Hey look, it’s Pierre Blanchar! For realz.
Despite being directed by a German, Pabst’s MADEMOISELLE DOCTEUR is extremely French — for much of its running time it’s essentially a romance in which a variety of secret agents and double agents fail to do their patriotic duty because they’re all in love with members of the enemy sides.
When I started watching, I was quickly confused, owing to the less-is-more approach to subtitling. The fan who subbed it seems to have left out bits he found boring, and other bits he found too difficult, and with my concussed-schoolboy French I had no way of knowing which was which. And the plot seemed to be leaping arpund all over the place. Pierre Blanchar is introduced in prison, being recruited to betray his own side (the Germans, I think — it seems to be WWI) but then disappears for so long that when Jean-Louis Barrault turned up, with his similarly razorsharp cheekbones but looking otherwise not much like Blanchar, I thought it was him. Barrault buys a slice of melon from Louis Jouvet in an unusually intense manner and then disappears from the story completely.
Everybody is in love with the wrong person — as in The Sea Gull or LES ENFANTS DU PARADIS. Viviane Romance loves Pierre Blanchar and betrays fellow agent Dita Parlo (the masterspy of the title) because she suspects he’s smitten with her. Blanchar is supposed to betray Parlo to the French but doesn’t because he IS smitten with her. Parlo is supposed to steal the secret plans from Pierre Fresnay but doesn’t because she’s smitten with him. Fresnay is completely in the dark about Parlo being an enemy agent so at least his being smitten with her isn’t treason, but it is undeniably a security risk. Jouvet alone remains uncompromised.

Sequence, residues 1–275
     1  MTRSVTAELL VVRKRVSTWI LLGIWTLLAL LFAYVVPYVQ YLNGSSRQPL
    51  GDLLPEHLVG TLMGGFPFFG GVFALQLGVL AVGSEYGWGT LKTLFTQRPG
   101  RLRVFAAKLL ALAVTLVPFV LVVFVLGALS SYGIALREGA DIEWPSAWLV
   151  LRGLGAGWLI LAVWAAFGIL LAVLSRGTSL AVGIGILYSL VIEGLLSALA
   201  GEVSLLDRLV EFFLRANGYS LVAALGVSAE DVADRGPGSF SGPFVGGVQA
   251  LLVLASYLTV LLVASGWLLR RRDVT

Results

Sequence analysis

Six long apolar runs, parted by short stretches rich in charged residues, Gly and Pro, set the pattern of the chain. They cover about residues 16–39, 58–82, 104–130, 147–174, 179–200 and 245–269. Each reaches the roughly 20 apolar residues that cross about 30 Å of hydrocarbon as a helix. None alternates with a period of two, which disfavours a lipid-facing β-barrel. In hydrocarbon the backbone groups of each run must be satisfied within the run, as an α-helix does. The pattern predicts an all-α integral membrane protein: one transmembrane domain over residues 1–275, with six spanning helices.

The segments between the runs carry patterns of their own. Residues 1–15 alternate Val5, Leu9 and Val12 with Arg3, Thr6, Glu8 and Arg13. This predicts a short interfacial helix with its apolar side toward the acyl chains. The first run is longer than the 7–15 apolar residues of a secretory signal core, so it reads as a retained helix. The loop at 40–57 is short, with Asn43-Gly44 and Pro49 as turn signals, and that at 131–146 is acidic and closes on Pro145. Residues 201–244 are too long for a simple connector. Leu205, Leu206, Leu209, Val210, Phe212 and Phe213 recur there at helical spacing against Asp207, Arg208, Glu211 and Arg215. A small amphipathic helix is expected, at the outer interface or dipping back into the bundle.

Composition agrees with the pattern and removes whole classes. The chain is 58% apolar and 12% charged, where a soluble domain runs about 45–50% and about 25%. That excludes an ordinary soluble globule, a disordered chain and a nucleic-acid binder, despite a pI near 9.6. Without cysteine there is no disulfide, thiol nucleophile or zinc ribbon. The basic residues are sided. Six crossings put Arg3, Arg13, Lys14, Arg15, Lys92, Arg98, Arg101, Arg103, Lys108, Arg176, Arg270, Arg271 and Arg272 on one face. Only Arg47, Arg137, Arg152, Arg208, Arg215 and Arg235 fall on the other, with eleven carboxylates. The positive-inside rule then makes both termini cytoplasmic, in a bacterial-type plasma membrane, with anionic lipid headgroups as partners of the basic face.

So with Topic A on everybody’s minds, I could relax about whether the Bulgarians were negotiating a separate peace — an impossible thing for anyone to get worked-up about, I’d have thought — and just enjoy the romantic angst amid seamy and exotic settings, as each of the cast attempts to out-louche the rest. Blanchar, sporting a fez, has an unfair advantage.
(Eric Ambler on loucheness and the art of spying.)
The rules of poetic realism demand that love end in tragedy, and by making everyone political enemies, most of them on the losing side in a global apocalypse, Pabst and his army of writers have stacked the deck admirably. We can’t predict just how it’ll turn out, but it is utterly impossible for it to end well for anyone. Still, the last scene’s entirely unromantic bleakness took me by surprise. You can either end up shot by firing squad, insane and mumbling, or lying dead in a heap of melons. C’est l’amour.
The gang of writers, asides from the alluringly-named Irma Von Cube, include Herman Mankiewicz, and I’d love to hear the story behind THAT. Pabst had just returned from an unsuccessful stab at Hollywood*, so I supposed he made the future KANE scribe’s acquaintance while there. The thing hangs together pretty well despite the multitude of chefs, though somebody should have noticed that if Parlo needs Fresnay’s help in Act I because she can’t drive, it stretches credulity to have her nearly beat him an exciting car chase in Act III…
*Unsuccessful? A MODERN HERO features Marjorie Rambeau as an alcoholic one-armed ex-leopard trainer**. That one fact puts it ahead of Lewis Gilbert’s entire filmography.
**An ex-trainer of leopards. Not a trainer of ex-leopards. Because that would be stupid.